FRIDA KAHLO (1907–54) was nobody’s angel, but she ended up a saint. A living retort to the severed torsos of male surrealist fantasy, her body was remade by misfortune in an often-tortured life, and her identity reconceived on her easel in a pantheon of imagined personalities and possible states of being — on otherworldly plains, primeval forests, hellish institutional wastelands and emotional purgatories. Monumental muralists like her husband Diego Rivera sought the scope of the world, but Frida spoke on the scale of the mind; artworks intimate in every sense, windows on her soul that reflected feelings that no one could speak. Her painted testament made her a diarist of every woman’s history and every misfit’s life cycle, undergoing rejection and betrayal and expected violent ends and ascendant hope and vision. And now she’s bigger than a mural, a guardian spirit on votive candles and trendy totebags, as big as everything but somehow withstanding the commercialized image of her historical contemporaries. And that’s no accident; figures like Fidel and Che have their eyes on the top, while Frida wanted to stay on the outside, looking inward and seeing clearly. Having died young and lived wisely and kept meaning something, she’s become the surest surrogate many of us have for a religious presence, and the strongest symbol of eventual haven for different, truthful souls. Mother, sister, unknown best friend; somehow one of us, and, forever, all of herself.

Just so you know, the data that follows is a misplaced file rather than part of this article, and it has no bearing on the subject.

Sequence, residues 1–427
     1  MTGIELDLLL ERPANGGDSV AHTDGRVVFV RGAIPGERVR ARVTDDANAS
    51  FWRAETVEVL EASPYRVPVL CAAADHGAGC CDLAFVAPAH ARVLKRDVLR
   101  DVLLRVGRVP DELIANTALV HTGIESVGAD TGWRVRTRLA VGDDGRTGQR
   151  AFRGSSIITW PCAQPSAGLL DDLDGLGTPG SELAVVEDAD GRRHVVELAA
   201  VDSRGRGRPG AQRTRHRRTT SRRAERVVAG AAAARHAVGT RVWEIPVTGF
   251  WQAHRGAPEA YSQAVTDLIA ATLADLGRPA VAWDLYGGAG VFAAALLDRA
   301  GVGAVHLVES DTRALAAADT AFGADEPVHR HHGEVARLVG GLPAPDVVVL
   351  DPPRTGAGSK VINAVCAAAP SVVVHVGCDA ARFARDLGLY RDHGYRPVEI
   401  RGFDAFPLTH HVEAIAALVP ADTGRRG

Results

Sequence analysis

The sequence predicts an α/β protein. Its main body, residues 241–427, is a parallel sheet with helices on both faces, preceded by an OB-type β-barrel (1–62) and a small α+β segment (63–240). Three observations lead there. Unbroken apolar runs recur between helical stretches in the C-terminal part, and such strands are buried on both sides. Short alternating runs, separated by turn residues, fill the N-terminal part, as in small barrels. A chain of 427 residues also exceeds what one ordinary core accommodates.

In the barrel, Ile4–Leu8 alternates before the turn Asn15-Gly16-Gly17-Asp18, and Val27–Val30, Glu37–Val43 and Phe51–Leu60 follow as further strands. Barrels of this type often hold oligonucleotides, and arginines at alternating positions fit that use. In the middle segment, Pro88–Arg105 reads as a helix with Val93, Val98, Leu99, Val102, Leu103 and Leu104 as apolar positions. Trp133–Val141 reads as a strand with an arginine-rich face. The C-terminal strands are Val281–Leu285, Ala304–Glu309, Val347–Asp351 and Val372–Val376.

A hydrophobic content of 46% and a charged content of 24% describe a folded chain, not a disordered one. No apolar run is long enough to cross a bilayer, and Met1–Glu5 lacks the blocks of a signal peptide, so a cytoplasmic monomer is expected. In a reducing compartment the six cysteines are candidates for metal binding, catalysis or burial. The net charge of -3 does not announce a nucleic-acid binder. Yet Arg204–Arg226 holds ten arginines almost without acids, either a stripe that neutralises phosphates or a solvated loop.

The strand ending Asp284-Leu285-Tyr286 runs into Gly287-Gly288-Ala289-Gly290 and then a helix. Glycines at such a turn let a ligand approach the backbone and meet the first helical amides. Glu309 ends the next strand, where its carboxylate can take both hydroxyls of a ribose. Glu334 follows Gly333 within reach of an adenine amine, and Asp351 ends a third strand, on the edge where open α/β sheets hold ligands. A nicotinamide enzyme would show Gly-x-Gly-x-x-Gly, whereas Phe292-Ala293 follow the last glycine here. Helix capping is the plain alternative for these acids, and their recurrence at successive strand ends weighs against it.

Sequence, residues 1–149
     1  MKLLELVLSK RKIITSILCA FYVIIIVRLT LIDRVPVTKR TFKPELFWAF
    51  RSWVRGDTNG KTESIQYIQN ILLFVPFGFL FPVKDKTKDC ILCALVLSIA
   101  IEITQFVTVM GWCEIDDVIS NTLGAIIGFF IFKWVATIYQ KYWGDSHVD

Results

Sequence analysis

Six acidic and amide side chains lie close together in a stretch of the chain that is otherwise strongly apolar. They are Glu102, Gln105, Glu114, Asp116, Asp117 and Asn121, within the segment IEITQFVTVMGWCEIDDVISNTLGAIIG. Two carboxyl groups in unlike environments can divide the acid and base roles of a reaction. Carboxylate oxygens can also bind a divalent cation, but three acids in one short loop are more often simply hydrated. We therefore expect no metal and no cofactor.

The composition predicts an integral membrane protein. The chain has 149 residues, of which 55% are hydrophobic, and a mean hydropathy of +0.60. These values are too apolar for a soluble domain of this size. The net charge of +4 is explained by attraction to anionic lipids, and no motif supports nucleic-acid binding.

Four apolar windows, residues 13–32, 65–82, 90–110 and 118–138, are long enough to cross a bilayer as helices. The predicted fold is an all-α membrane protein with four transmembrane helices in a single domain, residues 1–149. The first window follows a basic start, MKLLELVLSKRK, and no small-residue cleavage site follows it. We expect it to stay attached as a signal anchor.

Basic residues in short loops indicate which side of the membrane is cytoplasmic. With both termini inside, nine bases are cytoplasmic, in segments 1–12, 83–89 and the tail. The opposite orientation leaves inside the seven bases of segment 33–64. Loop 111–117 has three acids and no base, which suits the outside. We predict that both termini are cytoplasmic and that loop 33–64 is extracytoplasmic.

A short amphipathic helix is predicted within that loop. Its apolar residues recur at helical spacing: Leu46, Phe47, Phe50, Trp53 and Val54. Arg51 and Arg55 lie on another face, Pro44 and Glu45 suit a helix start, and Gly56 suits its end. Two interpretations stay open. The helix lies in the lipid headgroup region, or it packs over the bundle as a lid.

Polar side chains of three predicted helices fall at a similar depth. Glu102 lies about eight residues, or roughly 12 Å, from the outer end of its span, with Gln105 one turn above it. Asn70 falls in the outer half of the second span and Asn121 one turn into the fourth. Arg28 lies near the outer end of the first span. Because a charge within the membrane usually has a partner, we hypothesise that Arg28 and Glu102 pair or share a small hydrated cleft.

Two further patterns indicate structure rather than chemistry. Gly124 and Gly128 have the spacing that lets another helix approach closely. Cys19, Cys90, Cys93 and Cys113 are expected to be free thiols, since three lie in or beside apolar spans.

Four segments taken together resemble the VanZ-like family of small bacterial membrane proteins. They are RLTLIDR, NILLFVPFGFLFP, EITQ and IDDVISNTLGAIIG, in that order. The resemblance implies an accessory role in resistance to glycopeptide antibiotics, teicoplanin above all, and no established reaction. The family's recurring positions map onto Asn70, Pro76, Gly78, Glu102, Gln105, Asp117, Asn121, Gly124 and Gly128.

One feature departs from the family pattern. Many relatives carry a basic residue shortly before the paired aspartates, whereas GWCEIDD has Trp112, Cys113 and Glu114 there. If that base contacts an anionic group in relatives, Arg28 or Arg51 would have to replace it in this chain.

READ MORE about members of the Partisan (1904-13) Generation.